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Going to graduate school can help you secure a better paying job in the future, but attending isn’t cheap. You might wonder how to pay for grad school — and if you’ll need to take on hefty student loan debt to cover the cost. Grad students leave school with $84,300 in average student loan debt. But luckily, there are ways to lower your education costs.
Here’s how to pay for grad school without ending up with six figures of student loan debt:
- Apply for gift aid
- Research fellowship options
- Take advantage of assistantship opportunities
- Ask your employer for help
- Participate in a work-study program
- Apply for federal student loans
- Compare private student loans
- Claim applicable tax credits
1. Apply for gift aid
When paying for grad school, it’s a good idea to start with gift aid (money you don’t have to pay back later). This includes scholarships and grants.
- Grants are usually awarded based on your financial need rather than your academic merit. Schools, professional associations, and private organizations often offer grants directly to grad students.
- Scholarships tend to be given based on merit. If you have a high GPA and good test scores, you might qualify for scholarships. Your school might offer you a scholarship, too, but you can also find and apply for awards on your own. Resources like Scholarships.com and GoGrad can help you find scholarships to apply for.
2. Research fellowship options
Some graduate students are offered a fellowship, another type of financial support. With a fellowship, you’re expected to teach or perform research in return for a stipend. You might also get partial or full coverage of tuition. Fellowships are usually awarded based on academic merit.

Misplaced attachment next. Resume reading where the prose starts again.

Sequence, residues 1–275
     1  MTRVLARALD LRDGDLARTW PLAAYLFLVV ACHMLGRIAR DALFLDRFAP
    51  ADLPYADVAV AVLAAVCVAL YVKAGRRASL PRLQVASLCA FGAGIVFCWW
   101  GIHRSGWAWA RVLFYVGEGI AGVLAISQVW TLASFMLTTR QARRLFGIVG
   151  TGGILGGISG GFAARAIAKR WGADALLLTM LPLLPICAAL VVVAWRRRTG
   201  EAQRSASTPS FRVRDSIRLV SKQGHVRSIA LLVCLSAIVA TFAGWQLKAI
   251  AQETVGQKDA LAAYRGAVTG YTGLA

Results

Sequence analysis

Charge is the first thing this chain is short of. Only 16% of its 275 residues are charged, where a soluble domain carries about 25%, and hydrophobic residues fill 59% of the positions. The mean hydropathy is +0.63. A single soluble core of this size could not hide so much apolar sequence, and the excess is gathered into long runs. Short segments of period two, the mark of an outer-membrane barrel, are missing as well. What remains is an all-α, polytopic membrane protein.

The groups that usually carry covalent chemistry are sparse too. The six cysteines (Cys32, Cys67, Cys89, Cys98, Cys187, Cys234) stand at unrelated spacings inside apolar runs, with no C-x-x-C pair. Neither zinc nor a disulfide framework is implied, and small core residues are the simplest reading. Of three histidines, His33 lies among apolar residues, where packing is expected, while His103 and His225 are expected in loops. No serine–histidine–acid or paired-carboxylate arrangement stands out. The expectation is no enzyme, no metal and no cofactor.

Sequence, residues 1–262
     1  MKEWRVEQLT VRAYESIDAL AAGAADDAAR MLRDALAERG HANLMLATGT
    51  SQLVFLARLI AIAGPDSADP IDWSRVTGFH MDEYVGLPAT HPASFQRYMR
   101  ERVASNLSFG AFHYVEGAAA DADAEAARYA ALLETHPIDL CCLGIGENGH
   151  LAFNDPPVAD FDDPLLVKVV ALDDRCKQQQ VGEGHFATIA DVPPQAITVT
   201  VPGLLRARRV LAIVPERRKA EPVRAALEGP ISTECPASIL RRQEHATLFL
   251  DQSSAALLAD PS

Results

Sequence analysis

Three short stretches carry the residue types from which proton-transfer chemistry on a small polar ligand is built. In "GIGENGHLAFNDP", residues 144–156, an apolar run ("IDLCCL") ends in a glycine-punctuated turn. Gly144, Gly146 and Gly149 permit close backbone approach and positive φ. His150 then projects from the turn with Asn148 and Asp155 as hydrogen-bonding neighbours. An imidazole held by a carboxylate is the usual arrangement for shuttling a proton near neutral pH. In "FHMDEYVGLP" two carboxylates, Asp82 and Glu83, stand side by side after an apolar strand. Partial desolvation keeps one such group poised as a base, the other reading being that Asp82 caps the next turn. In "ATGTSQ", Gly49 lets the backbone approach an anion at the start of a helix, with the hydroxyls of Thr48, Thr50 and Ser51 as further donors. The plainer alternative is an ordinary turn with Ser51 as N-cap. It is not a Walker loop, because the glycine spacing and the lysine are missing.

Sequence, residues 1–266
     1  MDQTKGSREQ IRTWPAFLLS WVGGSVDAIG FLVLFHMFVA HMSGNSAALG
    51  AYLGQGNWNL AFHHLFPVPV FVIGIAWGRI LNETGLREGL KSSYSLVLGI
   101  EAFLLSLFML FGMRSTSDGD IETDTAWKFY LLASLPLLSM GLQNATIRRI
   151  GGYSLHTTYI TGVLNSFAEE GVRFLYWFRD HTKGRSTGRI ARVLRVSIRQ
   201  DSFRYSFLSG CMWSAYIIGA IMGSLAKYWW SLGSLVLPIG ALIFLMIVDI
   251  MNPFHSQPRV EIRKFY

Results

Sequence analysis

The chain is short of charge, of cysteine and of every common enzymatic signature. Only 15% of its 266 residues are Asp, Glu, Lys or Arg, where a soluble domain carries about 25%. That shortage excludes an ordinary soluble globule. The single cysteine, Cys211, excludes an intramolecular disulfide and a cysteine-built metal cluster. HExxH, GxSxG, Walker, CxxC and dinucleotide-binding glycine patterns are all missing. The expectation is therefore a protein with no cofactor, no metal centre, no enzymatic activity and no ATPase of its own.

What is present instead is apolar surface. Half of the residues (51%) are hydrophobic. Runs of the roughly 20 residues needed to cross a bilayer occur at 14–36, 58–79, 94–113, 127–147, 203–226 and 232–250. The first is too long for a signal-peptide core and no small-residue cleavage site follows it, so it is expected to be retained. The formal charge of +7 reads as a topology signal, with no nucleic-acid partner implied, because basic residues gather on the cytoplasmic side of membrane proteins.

3. Take advantage of assistantship opportunities
If you’re willing to step in as a teaching assistant or to help professors with their research, you might qualify for either a teaching- or research-based assistantship. You’ll get a stipend to cover the cost of tuition in return for your work.
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4. Ask your employer for help
If you’re currently employed, ask your employer’s human resources department if there’s a tuition reimbursement program for graduate degrees. Many companies will pay for some or all of your program.
Some employers require you to make a service commitment to the company to qualify for their program. If you leave before the commitment term ends, you might have to repay all of the tuition they paid for — so make sure you know their rules before signing an agreement.
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5. Participate in a work-study program
A commonly overlooked way to pay for grad school is using the federal work-study program, which is available to both professional and graduate degree students. If you qualify for work-study, you’ll get a part-time job to help pay for your education and living expenses.
The job will likely relate to your field of study. You’ll typically work for your school, a local non-profit organization, or a public agency. Plus, you’ll earn at least minimum wage (though some fields pay a lot more). This can be a great way to pay for school while gaining experience and bolstering your resume.
Learn More: 8 Part-Time Job Ideas for Students
6. Apply for federal student loans
- Direct Unsubsidized Loans: Graduate students can borrow up to $20,500 per year in unsubsidized loans. Loans disbursed after July 1, 2019, but before July 1, 2020, have an interest rate of 6.08%.
- Grad PLUS Loans: With a Grad PLUS Loan, you can borrow up to the total cost of attendance. But keep in mind that this isn’t always a good idea since Grad PLUS Loans have high interest rates and disbursement fees. Loans disbursed after July 1, 2019, but before July 1, 2020, have an interest rate of 7.08% and a 4.236% disbursement fee.